Exports rise: at what cost?

Following on from dialogue with cattle farmers across county Wicklow, the Ruairí Ó Brádaigh/ Maolmhuire Ó Raghallaigh Cumann of Republican Sinn Féin released the following statement:

The news broke earlier in the year that a return to live exports of livestock to the Middle East would signal a boost for the Irish economy of over €64 million. ICSA President Gabriel Gilmartin stated “live exports were absolutely essential for ensuring strong cattle prices”. After a decade Irish cattle are being exported to North African shores once again. Countries such as Libya, Lebanon and Egypt have seen an influx of Irish cattle in the past year.

However, local cattle farmers in the county are very wary of these developments, and rightly so. Upon meeting with us they expressed their concerns. They stressed that their concerns had nothing to do with religion or creed but rather the welfare of the livestock they have reared. The reality is the cattle headed for these destinations are are shipped by boat for 15 days. Upon landing these cattle await Halal type slaughter, which basically means they are slaughtered without stunning. The Free State government has tried to play this down by highlighting the stringent regulation placed on the livestock. However after the arrival of the livestock into these countries the government’s regulation is powerless. It has also not been well documented in the Free State media that the Australian government recently suspended all exports to Egypt. This was following on from it’s findings over the manner in which the livestock were being slaughtered. Australia has suspended live exports of cattle to Egypt and proposed “major reforms”, after video footage of animal cruelty at two Egyptian abattoirs was given to the Australian Government on Wednesday 1 May 2013.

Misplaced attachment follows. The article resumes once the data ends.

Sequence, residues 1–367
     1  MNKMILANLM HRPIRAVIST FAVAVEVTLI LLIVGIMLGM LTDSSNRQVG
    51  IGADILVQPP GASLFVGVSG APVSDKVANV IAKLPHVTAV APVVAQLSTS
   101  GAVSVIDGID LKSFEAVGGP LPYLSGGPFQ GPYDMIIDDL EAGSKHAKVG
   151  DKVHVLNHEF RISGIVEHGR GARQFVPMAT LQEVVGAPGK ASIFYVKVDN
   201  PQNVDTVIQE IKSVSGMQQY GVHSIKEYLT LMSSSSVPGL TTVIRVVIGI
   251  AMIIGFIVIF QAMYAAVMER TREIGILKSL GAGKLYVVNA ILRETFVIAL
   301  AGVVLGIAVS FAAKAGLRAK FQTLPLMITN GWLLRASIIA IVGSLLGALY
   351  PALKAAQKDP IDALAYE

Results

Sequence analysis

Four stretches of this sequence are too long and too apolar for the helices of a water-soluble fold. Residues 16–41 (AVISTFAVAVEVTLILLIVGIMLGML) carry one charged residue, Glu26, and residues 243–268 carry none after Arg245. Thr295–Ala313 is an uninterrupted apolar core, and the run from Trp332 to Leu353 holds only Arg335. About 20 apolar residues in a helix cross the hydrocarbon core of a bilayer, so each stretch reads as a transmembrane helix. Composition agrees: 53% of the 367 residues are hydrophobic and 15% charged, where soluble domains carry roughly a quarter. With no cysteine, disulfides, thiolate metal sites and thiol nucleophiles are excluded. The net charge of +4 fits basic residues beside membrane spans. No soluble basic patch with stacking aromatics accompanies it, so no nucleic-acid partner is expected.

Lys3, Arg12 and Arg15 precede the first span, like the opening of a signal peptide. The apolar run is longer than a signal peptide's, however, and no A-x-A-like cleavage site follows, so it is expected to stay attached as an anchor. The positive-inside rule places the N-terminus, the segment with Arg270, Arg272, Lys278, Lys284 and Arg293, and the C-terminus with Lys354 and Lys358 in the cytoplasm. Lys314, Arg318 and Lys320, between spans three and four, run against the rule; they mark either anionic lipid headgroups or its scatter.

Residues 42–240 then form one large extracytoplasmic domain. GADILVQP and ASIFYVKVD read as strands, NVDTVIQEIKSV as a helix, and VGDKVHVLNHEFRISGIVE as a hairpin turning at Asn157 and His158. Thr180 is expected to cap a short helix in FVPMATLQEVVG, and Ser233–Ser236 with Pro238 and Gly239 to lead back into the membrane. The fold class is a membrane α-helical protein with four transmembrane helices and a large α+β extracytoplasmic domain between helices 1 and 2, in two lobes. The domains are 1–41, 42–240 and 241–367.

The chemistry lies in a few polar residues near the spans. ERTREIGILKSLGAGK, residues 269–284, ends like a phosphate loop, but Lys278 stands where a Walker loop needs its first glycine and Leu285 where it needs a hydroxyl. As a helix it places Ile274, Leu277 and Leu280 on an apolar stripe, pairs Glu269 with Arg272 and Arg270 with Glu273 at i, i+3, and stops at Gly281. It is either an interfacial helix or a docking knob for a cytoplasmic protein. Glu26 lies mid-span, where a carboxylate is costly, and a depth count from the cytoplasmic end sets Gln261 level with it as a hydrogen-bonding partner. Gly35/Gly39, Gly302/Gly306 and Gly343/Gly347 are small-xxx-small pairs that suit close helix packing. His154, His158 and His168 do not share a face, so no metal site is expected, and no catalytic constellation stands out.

The message is clear to cattle farmers in county Wicklow: if you have concerns regarding where your cattle are ultimately headed for, query your cattle dealer. In the last 12 months the combined value of meat and livestock exports in the Free State increased by almost 6% or almost €160m to reach almost €3.1 billion. Local farmers are worried that the reputation of their product will be tarnished by this debacle. We stand in solidarity with them in this regard.

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